Solar system science

April 4, 2011

A couple of interesting stories:

Aerial photos of Mars: The Mars Reconnaissance Orbiter has just celebrated five (earth) years of low-Martian orbit and aerial photography. Its main objective is to study the aqueous history of the planet, and for that purpose it is equipped with an array of high resolution cameras. It has already sent back thousands of images of the Martian surface, and to mark its birthday Wired magazine published a sample. As is so often the case with aerial photographs, they are strikingly beautiful. Even if part of the effect can be attributed to the use of false colour, I have never seen Mars look this good before.

Pioneer anomaly: The Pioneer 10 and Pioneer 11 spacecraft were launched in the 1970s on trajectories that would take them out toward the asteroid belt, past Jupiter and Saturn, and then onward and outward into deep space. They are now well beyond Pluto’s orbit and communication with both has been lost for several years. Meanwhile, however, there has been a puzzle about an anomaly in the trajectory of each: the velocity of each spacecraft was decreasing because of the gravitational pull of (principally) the sun, but the data show that each was decelerating more than expected. The difference between the expected and observed decelerations was small — about 10^{-10} m/s^2 — but still enough to be bothersome. We’re supposed to understand gravity, so what was going on? Explaining the Pioneer anomaly has become one of those tantalizing problems in physics that not many people work on, but that everybody would like to see resolved.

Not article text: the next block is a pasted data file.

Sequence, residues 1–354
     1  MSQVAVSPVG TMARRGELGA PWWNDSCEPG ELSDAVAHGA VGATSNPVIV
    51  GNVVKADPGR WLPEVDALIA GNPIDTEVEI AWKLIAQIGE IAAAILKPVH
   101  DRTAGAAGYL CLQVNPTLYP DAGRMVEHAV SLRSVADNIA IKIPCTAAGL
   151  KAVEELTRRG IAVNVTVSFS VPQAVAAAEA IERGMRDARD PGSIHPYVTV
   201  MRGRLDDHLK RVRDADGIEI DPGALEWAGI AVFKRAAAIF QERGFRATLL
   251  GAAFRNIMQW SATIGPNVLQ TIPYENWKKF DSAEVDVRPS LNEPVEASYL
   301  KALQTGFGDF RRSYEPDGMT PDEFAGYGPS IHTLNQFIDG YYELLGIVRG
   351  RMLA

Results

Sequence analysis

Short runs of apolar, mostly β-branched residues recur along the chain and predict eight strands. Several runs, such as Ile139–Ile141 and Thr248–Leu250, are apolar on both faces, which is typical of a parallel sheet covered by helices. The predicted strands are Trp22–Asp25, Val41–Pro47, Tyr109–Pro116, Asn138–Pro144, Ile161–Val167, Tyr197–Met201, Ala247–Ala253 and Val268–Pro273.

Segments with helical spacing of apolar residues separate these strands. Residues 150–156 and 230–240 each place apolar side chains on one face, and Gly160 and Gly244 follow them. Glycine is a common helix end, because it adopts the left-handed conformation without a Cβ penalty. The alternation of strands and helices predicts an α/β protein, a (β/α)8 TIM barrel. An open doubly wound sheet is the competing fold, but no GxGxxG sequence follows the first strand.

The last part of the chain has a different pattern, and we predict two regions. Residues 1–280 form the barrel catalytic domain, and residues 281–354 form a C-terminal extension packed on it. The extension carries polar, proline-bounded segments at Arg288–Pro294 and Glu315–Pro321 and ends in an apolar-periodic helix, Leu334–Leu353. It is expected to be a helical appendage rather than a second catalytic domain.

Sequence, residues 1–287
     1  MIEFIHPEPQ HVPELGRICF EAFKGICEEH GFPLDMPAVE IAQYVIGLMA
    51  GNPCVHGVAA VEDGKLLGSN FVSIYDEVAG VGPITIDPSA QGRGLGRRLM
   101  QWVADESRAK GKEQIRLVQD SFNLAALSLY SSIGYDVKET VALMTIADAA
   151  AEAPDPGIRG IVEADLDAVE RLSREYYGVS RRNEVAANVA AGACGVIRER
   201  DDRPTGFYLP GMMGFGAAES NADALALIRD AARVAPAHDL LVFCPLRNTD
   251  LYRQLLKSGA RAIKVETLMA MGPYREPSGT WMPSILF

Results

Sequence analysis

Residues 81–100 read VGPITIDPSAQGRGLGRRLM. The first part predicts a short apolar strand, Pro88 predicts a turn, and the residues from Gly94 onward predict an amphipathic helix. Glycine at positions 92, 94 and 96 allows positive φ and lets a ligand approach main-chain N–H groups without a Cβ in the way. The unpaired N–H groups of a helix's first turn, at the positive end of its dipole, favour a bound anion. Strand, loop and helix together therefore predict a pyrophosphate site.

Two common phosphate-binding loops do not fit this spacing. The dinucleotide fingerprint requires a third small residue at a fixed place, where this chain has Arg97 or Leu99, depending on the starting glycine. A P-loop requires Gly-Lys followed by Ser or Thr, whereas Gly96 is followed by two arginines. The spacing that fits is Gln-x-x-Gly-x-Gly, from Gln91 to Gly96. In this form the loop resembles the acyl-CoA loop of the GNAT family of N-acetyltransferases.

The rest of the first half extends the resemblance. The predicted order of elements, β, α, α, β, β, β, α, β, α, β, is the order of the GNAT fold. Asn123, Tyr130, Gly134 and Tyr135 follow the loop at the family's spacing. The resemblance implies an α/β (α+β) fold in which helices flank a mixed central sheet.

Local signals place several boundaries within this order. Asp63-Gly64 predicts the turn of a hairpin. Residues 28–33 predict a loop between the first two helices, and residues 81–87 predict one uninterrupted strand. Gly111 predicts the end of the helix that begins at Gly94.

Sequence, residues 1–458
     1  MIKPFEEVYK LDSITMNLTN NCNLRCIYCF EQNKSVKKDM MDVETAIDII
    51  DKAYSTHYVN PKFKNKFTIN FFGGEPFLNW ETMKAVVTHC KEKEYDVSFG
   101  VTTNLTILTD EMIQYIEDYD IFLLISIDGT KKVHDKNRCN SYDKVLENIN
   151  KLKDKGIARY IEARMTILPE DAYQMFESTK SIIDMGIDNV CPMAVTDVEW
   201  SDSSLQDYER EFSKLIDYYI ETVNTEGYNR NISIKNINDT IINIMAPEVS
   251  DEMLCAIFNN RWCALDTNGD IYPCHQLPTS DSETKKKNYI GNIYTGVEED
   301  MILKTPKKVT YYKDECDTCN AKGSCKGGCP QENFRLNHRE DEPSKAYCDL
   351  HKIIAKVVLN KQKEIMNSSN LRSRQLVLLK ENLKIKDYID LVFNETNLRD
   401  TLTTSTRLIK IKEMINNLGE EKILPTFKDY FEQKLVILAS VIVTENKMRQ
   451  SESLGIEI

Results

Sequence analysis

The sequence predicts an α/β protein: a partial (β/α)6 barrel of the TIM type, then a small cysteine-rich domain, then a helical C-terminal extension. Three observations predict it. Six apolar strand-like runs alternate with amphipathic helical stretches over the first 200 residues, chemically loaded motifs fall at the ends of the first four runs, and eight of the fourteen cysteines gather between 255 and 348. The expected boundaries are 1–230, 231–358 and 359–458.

A group of Portuguese physicists have published a recent paper claiming that the anomaly can be explained by a better model of the way the Pioneer spacecraft radiate heat. They argue that the heat (which is just a form of electromagnetic radiation) reflects off the various surfaces of the spacecraft in such a way that its overall effect is to apply a gentle push toward the sun, thereby slowing it down. Granted, this is only one explanation among many that have been proposed, but no previous explanation has satisfied everyone, so a new idea is always welcome. Here is a popular article about the recent paper.

3 Responses to “Solar system science”


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  2. Mac Says:

    Well, that’s a somewhat disappointing explanation for the anomaly. I was hoping it would be the gravitational effects of an alien spacecraft.

    Beautiful Mars picture. Did you see the new Mercury ones last week? Not as pretty, but interesting.

  3. cburrell Says:

    I had sort of been secretly hoping that the Pioneer anomaly would be resolved by an interesting modification of Einsteinian gravity. It would be awfully dramatic. But, then again, I like Einsteinian gravity just the way it is, so I would also be happy if another explanation were found.


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